This article is about the impact of Covid-19 on the Mortgage Industry. At the beginning of 2020, the U.S. housing market was steadily growing with no signs of stopping. Home prices increased from 3.9% in January to 4.2% in February. The forecast for the housing market was stronger than ever.
With the introduction of COVID-19, house sales came to a screeching halt. Interest rates may have dropped significantly, but this was still not enough to increase buying activity. The opposite is true actually with nearly half of all realtors having reported a slow down in business due to a lack of buyer interest. Covid-19 has had an interesting effect on the mortgage industry but to understand the impact, we need to understand the industry.
How the Mortgage Industry Works
The process begins when a borrower goes to a mortgage originator to obtain a loan. Once the sale is closed, the loan is handed over to a Loan Servicer which may or may not be the same company that originated the loan. The borrower will send payments to the servicer, but the servicer does not actually own the loan. They are merely maintaining it.
This means they are responsible for collecting payments and sending them to the investor, paying taxes and insurance, answering questions, etc. While the company services the loan, it is sold to an aggregator or government agency that places the loan into the hands of an investment banker. This investment banker will then convert the loans into mortgage-backed securities that can be sold to the public. They typically show up in investments such as mutual funds, insurance plans, retirement accounts, etc.
The Loan Servicer plays a very crucial role in this process. In order to obtain the rights to service a loan, they will typically pay about 1% of the loan amount upfront. Once they begin servicing the loan, it takes approximately 3 years to break even on their investment, and the longer the loan stays with them the more money they make. Covid-19 has had a significant impact on the mortgage industry that may be detrimental.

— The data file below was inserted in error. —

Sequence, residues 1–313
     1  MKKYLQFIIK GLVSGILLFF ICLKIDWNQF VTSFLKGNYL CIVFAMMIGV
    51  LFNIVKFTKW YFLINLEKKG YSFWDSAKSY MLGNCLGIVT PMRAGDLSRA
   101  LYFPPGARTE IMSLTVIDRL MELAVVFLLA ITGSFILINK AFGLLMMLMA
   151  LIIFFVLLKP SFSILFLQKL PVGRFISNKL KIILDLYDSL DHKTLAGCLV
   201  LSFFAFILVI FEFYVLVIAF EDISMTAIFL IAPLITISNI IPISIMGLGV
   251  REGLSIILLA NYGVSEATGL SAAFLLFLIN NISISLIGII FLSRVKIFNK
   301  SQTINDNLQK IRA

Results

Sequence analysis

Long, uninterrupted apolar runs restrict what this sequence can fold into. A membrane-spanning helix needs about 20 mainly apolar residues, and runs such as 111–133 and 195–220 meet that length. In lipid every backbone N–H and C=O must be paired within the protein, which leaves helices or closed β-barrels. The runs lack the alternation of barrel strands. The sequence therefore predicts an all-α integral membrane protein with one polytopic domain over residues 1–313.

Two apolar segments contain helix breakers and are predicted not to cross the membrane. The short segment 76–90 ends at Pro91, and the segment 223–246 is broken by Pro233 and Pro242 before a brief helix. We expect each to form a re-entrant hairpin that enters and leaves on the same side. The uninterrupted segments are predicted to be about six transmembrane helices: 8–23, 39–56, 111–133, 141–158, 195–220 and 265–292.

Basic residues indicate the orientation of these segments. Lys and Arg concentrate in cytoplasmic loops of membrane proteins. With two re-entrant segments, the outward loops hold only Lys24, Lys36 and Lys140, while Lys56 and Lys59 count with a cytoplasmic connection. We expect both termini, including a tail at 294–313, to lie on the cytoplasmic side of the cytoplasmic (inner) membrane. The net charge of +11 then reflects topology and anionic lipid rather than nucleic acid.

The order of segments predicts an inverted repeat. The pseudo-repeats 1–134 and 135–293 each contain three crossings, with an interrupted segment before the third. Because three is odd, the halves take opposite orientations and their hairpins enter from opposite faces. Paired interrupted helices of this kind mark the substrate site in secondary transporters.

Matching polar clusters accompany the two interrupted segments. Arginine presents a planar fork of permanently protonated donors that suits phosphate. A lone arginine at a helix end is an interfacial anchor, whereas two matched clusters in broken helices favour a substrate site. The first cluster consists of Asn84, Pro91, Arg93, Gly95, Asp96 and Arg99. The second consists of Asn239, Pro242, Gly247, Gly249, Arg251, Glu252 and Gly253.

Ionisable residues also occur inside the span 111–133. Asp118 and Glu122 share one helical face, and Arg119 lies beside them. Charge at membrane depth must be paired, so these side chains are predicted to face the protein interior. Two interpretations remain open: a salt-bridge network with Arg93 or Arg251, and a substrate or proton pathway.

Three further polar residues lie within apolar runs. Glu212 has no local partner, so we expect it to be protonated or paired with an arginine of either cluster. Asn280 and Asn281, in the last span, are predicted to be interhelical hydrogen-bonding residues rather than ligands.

Falling Interest Rates
Along with several other economic changes, COVID-19 has affected interest rates. The average for a 30-year fixed mortgage interest rate hit an all-time low of 3.29%. This can be advantageous to homebuyers since it means lower monthly payments and less money put towards interest over the life of the loan.
Falling interest rates tell a different story for mortgage lenders or servicers. With the increased incentive for people to refinance their loans, servicers are left with major losses. Often times refinancing means the loan will be paid off sooner…probably before the 3-year breakeven period.
These losses are multiplied when a servicer has a number of loans on their books. Although these losses can be damaging, the influx of new loan activity due to declining interest rates can give servicers the additional income needed to overcome the losses in their servicing portfolio.
The virtual shutdown of the economy caused an unprecedented amount of job loss. The removal of income from borrowers causes major issues for servicers because borrowers may have difficulty paying their mortgage on time.
Although the servicer may not own the asset, they still bear the responsibility of paying the investor regardless of if they’ve received it from the borrower.
All of these stressors caused by COVID-19 have presented major difficulties for the mortgage industry. Despite many government laws that have made it even more difficult for those in the mortgage industry, many people are finding ways to navigate through these unprecedented times.